What is Haptic Feedback and Why Does Your App Need It?

When Sony introduced their new PS5 Dualsense Controller with Haptic Feedback, it turned gamers' heads. Now users have the opportunity to tactilely feel even the weather conditions in games, such as raindrops. The recoil of the weapon has become more tangible and the explosions, combined with the built-in speakers and microphones, are simply something unreal. If you have ever played Spider-Man using the Dualsense Controller, you can probably agree with me that the sensations are simply indescribable.

We have already talked about what haptic feedback is, about VR gloves with a haptic feedback function, and even about a whole suit with this function. Thanks to tactile technologies, VR has become even more realistic and talk about the Metaverse no longer seems groundless. You can check out our article about haptic feedback in VR: What is Haptic Feedback, and why is it important?

But in this article, we will cover the topic of haptic feedback in mobile devices and applications, and also talk in detail about:

  • What is haptic feedback on smartphones
  • Haptic feedback examples
  • Why you should implement it in your application

Definition of Haptic Feedback

Tactile technology, also known as haptic feedback, is a technology that allows a program through a special device to interact with the user through vibration, movement, or other physical / tactile effects provided by the device. If we are talking about mobile app development, this is a familiar vibration to all of us, but the devil is in the details.

Most mobile devices have a built-in tactile system. These are standard patterns that designers and developers can use to enhance the experience. You'll also see examples used in other smart devices: in-car infotainment systems, tablets, smartwatches, fitness bands, and VR gloves. But let's remember: the purpose of using tactile sensations is to convey useful information, namely when:

  • Something went wrong
  • Something happened or didn't happen
  • Get the user's attention ("Hi! Look at this.")

In other words, tactile feedback is physical metaphors, and for these metaphors to work correctly, you need to know the patterns of human behavior. The correct use of vibration in a smartphone is a science, because with the right intensity, amplitude and other parameters, you can create the right metaphor and significantly improve UX.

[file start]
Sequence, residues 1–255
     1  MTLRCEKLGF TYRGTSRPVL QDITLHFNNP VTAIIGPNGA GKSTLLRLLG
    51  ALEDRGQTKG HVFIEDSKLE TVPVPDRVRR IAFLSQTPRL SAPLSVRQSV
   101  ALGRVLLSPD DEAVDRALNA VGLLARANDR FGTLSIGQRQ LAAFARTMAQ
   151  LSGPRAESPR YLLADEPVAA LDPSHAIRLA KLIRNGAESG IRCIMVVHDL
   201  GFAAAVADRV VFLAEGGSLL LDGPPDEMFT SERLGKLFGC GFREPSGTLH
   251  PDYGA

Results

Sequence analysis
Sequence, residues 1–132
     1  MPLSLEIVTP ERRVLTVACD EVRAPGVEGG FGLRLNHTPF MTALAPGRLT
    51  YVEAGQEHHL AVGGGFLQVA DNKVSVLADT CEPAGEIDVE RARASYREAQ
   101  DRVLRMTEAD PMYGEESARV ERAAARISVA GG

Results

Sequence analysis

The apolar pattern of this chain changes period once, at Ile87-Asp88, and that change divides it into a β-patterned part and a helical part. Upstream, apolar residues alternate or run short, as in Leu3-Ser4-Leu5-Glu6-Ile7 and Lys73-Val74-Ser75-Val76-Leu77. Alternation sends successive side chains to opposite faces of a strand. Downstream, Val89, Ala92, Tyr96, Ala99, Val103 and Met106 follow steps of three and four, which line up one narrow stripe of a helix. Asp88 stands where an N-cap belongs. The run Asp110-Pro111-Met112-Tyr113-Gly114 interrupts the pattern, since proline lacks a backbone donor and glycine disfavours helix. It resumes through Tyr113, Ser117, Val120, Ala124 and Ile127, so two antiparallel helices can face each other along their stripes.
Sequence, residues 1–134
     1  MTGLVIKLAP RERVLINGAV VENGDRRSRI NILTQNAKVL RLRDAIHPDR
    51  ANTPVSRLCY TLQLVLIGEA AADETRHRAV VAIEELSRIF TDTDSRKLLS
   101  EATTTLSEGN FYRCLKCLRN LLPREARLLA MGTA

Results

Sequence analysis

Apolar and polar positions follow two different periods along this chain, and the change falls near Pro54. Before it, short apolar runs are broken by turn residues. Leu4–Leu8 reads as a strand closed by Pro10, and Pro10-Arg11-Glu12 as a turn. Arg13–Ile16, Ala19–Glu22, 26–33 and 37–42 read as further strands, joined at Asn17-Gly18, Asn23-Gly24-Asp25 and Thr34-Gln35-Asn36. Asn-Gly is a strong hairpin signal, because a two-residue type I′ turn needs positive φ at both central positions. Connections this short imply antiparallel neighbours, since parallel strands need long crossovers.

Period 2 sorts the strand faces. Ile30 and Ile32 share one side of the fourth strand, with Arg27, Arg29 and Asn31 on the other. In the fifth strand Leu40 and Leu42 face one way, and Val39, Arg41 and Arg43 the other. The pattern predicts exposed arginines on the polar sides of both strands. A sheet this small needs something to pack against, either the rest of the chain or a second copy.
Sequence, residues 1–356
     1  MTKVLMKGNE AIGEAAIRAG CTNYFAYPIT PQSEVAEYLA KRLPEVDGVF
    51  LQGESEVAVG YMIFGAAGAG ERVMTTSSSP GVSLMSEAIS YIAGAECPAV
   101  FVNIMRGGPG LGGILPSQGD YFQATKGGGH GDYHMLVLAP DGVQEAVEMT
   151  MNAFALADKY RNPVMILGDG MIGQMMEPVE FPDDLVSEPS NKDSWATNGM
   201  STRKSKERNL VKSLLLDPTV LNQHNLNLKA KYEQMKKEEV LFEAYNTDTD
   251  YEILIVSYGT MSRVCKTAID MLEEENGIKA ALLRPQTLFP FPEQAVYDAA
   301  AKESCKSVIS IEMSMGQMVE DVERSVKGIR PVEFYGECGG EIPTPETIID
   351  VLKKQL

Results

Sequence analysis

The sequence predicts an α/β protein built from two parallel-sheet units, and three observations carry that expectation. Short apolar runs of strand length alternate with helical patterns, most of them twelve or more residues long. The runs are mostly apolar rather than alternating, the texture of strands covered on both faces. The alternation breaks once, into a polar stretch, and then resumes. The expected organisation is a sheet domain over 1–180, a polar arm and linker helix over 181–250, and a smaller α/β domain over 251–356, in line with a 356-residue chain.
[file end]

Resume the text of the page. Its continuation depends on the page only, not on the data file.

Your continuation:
Examples of Haptic Feedback in Smartphones

Examples of Haptic Feedback in Smartphones

Mobile devices are evolving and more and more smartphone manufacturers are implementing Haptic UX into their devices. Haptic User Experience (Haptic UX) uses tactile feedback to convey timely and useful information to the user through touch. Here are some examples of using tactile sensations:

  • Successful payment on a mobile device causing a brief vibration.
  • Error status when entering an incorrect password.
  • A special gesture that unlocks the function.
  • Vibrations in mobile games and applications.

Vibrations in a smartphone can be used in a very diverse way. For example "Obimy App" is the world's first "senseger". This application allows users to send each other virtual hugs, kisses and other emotions through vibrations on their smartphone despite long distances. This application has gained great success and is even recommended by psychologists.

Is Haptic Feedback Important in Apps?

Yes, more like! Haptic feedback technologies are actively developing and this is already something more than just a trend. For example, Apple is constantly upgrading the Taptic Engine in its smartphones to add new features and improve the user experience. Vibration has become more natural and instantaneous, which allows you to make the user experience more enjoyable. Haptic Feedback on iPhone has become an indicator of quality, and many technology manufacturers are adopting this trend.

Is Haptic Feedback Important in Apps?

Another of the haptic feedback examples is the vibration feedback when you press the smartphone keyboard. The fact is that modern phones are not burdened with a physical keyboard, so the vibration when typing a message on your smartphone serves as an indicator that you have pressed the button. Haptic Touch on the iPhone is a very useful technology that has become a hallmark of premium smartphones. The vibration motor on Apple smartphones differs from competitors in terms of quality and functionality. The user even has the ability to create their own vibration, and this feature is currently exclusive to Apple devices.

But what are some examples of haptic feedback in apps? We won’t talk about vibration in games, but such important things as vibration feedback “action success/error” play an important role in UX. A few more examples from our personal experience. Owlab is developing an application for Smart Locks “Spark Keys” , and we are actively adding various kinds of functions that interact with devices:

  • Shake to Open (user shakes the phone and the door opens)
  • Vibrating signal “door open”
  • Vibration “error/failure”
  • Separate vibration alert for notifications
  • Separate vibration signal when NFC is triggered

This variety of tactile feedback accustoms the user to certain patterns, and he no longer needs to look at the screen to get important information.


Now you are convinced that vibration on a smartphone is not just a convenient default feature, but an effective tool that allows you to improve the user experience. With a creative approach to the use of tactile technologies, you can make a really convenient user-friendly application.

The trend for the development of tactile technology has already been set. Perhaps in the future, smartphones will be equipped with even more advanced vibration motors that will give users a more vivid experience of games, multimedia and using their device.

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